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French 'mummy hearts' had cardiovascular disease 400 years ago

por Thomas Dworetzky, Contributing Reporter | December 04, 2015
Cardiology European News MRI RSNA 2015 X-Ray
Picture of the five
heart-shaped lead urns.
Image by
Rozenn Colleter, Ph.D./INRAP
As the French say, "Toujours l'amour." Now they can add "Toujours heart disease" to that.

Archaeologists with the National Institute for Preventive Archaeological Research uncovered mummified hearts in five heart-shaped lead urns in June 2015, while digging in the basement of the Convent of the Jacobins in Rennes, France, which researchers had been excavating from 2011 to 2013, according to Reuters.

Three of the four hearts showed disease signs, such as plaque on coronary arteries. The fifth heart was not well enough preserved to be studied.
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"Since four of the five hearts were very well preserved, we were able to see signs of present-day heart conditions, such as plaque and atherosclerosis," study author Dr. Fatima-Zohra Mokrane reported. The graves of the nobles dated back to the late 16th or early 17th century, she adding in her report of her study presented recently at the annual meeting of the Radiological Society of North America (RSNA).

"Every heart was different and revealed its share of surprises," anthropologist Rozenn Colleter of the French National Institute for Preventive Archaeological Research said on Wednesday. "It is very rare in archaeology to work on organic materials. The prospects are very exciting."

At first the scientists tried to get health data from the hearts while they were still embalmed, but that proved difficult, observed Mokrane, a radiologist at Rangueil Hospital at the University Hospital of Toulouse in France.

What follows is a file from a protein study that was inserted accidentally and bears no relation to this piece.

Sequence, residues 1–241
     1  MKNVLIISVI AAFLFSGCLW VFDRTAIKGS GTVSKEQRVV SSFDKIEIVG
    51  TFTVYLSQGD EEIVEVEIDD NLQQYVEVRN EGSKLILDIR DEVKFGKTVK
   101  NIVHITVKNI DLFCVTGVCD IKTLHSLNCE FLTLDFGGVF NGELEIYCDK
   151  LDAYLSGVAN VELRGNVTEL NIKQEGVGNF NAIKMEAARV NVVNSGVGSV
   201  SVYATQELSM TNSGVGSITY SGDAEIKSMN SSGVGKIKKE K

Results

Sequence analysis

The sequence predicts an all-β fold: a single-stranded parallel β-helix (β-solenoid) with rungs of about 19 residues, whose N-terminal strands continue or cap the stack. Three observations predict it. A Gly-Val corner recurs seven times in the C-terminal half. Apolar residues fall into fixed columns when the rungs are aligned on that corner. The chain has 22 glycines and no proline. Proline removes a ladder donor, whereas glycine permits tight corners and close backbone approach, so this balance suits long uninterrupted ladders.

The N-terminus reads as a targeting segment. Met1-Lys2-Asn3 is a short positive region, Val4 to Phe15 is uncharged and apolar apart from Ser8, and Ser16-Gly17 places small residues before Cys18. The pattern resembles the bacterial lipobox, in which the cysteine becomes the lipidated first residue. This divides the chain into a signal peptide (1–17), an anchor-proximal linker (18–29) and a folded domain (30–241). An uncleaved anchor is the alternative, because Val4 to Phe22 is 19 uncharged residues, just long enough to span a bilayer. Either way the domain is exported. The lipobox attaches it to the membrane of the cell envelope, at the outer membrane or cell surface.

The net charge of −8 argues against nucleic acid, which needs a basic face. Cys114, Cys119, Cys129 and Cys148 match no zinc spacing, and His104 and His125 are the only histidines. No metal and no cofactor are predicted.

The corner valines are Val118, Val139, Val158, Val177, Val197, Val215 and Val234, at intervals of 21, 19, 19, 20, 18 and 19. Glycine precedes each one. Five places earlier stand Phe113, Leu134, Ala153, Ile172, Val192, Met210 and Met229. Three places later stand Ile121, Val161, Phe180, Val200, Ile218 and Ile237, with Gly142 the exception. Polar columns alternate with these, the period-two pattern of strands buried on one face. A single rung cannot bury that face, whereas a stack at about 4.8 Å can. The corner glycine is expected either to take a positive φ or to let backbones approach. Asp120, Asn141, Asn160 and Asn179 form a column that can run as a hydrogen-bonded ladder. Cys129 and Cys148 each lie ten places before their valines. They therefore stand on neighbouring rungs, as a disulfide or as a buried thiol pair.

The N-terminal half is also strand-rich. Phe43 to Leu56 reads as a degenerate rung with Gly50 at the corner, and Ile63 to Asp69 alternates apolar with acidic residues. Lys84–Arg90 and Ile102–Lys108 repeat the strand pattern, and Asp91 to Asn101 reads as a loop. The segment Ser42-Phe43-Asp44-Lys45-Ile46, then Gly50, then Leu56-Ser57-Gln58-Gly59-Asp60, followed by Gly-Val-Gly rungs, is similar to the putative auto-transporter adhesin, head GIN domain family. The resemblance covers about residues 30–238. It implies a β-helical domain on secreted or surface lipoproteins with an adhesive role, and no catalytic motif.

So the team, which included radiologists and forensic physicians, archaeologists, pathologic physicians and physicists from the Molecular Anthropology and Synthesis Imaging and the Institute of Metabolic and Cardiovascular Diseases, carefully cleaned the hearts of embalming material and redid MR and CT studies.

Their efforts were successful — the new images allowed them to identify the different heart structures, such as chambers, valves and coronary arteries. They then rehydrated the hearts and were able to identify myocardial muscles with MR. They also then employed standard techniques, such as dissection and histology, to examine the heart tissues.

And as for l'amour?

Two of the hearts were buried together. The heart of Toussaint Perrien, Knight of Brefeilla, was preserved at his death and later buried with Louise de Quengo, Lady of Brefeillac, whose preserved body was also found at the site.

"It was common during that time period to be buried with the heart of a husband or wife," Mokrane said. "This was the case with one of our hearts. It's a very romantic aspect to the burials."

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